Followup on my blog-spam experiment

spamalysisAlmost a year passed since my experimental “honeypot” post on the spam received on my blog. As I then decided, I let all spam comments through, that were not captured by the Spam Karma. I did this about 3-4 times in the passed months, as I don’t spend much time on the administration interface. Based on an emerging pattern I observed I then started to do this more frequently in the recent weeks.

When I wasn’t “active” on approving spam, first it started to calm down, and less-and less spam arrived each day. The other posts have not received more spam than 2-3 in the entire year, while this one had spam coming in every now-and-then.

When I approved some of the cumulated comments in January, I have received several new comments shortly. Then came a long silence, when I didn’t approve anything. On the graph you can see how I started to receive the tons of spam, when I decided to approve more frequently.

It’s interesting to notice, that the spambots report to use Internet Explorer 6.0 on Windows XP exclusively, with a number of small variations in the signature. They are all using fake gmail addresses.  The content of their posts is diverse in both the way they operate and the content they link to.  They are never coming from the same IP address twice. I suspect they are created using various botnets.

It’s almost certain the feedback of the posts in the gmail boxes are monitored by the authors, and the targets are “whitelisted” to receive more spam. Also it seems, that this kind of monitoring only works until a certain amount of time, thus if the approval is late, there is no effect. Probably these accounts are already abandoned and hopefully destroyed by Google.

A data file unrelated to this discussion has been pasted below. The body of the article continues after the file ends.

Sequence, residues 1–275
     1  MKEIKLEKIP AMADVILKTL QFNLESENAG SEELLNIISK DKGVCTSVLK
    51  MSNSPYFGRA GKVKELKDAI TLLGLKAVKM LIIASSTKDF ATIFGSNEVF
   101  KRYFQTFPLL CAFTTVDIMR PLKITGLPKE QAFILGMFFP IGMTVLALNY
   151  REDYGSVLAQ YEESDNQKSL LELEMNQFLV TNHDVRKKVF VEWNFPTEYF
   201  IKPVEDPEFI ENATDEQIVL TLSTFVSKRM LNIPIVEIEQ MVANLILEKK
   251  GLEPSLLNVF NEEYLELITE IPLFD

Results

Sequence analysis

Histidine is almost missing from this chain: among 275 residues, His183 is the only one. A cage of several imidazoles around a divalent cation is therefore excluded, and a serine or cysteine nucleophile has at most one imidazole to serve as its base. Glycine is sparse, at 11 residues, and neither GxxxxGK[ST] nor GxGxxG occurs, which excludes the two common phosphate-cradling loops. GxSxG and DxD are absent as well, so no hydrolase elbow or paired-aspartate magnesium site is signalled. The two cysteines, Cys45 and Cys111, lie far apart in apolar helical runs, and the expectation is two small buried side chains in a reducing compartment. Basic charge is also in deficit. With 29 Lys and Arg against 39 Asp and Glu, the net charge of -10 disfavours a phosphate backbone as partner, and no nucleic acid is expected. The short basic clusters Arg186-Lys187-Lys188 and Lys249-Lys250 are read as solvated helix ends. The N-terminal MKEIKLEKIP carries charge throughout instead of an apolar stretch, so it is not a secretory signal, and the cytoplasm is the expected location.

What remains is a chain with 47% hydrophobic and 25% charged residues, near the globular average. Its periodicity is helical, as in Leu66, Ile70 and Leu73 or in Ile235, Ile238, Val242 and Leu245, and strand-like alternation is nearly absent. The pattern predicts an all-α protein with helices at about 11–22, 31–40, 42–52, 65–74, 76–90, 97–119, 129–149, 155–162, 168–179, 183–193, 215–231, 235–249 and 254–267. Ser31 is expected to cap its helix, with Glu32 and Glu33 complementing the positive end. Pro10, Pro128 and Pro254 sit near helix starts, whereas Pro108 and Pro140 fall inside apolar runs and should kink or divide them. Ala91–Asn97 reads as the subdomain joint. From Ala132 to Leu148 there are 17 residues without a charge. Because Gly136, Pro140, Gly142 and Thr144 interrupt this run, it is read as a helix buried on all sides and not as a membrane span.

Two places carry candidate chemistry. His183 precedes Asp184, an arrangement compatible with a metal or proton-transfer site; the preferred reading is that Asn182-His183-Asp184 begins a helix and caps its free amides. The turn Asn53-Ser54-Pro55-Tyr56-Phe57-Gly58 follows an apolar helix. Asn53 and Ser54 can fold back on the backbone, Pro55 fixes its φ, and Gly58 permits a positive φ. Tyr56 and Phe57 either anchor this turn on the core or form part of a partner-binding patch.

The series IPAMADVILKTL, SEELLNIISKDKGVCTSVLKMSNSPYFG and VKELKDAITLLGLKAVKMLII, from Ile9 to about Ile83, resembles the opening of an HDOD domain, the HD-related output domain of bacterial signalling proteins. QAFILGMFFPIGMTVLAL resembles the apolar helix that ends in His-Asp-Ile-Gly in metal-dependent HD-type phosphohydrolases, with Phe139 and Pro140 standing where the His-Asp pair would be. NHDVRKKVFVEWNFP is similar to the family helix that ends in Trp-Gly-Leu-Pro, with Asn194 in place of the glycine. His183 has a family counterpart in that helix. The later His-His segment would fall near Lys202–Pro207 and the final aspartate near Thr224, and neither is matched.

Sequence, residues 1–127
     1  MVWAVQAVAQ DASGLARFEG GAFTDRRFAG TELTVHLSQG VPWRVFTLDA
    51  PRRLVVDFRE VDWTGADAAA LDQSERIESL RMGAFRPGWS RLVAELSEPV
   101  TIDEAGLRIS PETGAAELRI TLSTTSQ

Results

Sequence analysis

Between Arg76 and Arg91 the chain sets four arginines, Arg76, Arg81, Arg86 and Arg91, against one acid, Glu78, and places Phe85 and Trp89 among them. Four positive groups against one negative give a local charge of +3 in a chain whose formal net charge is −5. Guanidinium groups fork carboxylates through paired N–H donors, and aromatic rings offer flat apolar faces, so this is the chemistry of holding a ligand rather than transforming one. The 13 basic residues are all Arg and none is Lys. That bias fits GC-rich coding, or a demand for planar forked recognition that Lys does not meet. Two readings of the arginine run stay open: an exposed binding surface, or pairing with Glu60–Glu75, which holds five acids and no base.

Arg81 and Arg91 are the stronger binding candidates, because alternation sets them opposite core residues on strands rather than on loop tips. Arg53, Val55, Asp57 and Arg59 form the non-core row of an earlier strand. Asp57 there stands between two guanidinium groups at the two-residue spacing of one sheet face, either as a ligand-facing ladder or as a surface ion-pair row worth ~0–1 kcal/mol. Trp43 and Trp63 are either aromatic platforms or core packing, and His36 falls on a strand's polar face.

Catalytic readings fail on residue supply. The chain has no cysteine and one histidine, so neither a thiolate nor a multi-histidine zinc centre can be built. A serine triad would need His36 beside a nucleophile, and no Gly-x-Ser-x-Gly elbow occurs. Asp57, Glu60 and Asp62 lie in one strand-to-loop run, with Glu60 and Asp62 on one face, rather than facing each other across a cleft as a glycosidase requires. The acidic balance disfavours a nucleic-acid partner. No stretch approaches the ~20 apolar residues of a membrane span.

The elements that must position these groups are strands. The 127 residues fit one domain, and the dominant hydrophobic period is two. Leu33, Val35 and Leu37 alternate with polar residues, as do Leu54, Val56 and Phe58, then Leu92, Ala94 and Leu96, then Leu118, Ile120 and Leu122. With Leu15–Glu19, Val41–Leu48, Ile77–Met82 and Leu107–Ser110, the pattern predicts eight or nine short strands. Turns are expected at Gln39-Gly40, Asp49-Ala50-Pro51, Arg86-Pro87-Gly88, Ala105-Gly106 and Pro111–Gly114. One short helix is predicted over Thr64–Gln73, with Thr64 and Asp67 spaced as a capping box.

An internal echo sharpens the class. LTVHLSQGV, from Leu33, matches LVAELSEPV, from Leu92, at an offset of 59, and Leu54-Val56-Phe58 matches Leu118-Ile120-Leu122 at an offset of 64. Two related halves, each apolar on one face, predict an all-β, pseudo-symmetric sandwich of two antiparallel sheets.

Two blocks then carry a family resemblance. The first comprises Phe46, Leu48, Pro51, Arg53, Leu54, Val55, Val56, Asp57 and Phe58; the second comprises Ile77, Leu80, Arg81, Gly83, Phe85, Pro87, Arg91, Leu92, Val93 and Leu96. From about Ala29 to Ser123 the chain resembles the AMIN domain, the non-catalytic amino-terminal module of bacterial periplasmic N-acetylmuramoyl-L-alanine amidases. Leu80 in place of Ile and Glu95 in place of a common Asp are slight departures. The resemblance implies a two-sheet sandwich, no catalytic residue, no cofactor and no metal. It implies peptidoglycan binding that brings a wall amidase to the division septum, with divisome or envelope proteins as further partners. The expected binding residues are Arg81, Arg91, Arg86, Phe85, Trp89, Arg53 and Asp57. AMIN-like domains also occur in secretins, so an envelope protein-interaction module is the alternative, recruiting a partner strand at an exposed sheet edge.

This experiment was neither scientific, neither through, it was only performed to satisfy my curiosity of how, my otherwise rarely visited site gets peaks of attention.

I can draw two conclusions from this. There are still massive botnets out there handing out spam at a furious pace. There can not be a certainty about easily faked browser signatures, but I suspect they really run on the ever so vulnerable XP-s. The other is, that s long as there are people to pay for this form of useless advertising/SEO, there will be massive cyber attacks, spams, and botnets.

I’m closing my previous post for comments, so the “return customers” would not spam it anymore. 🙂

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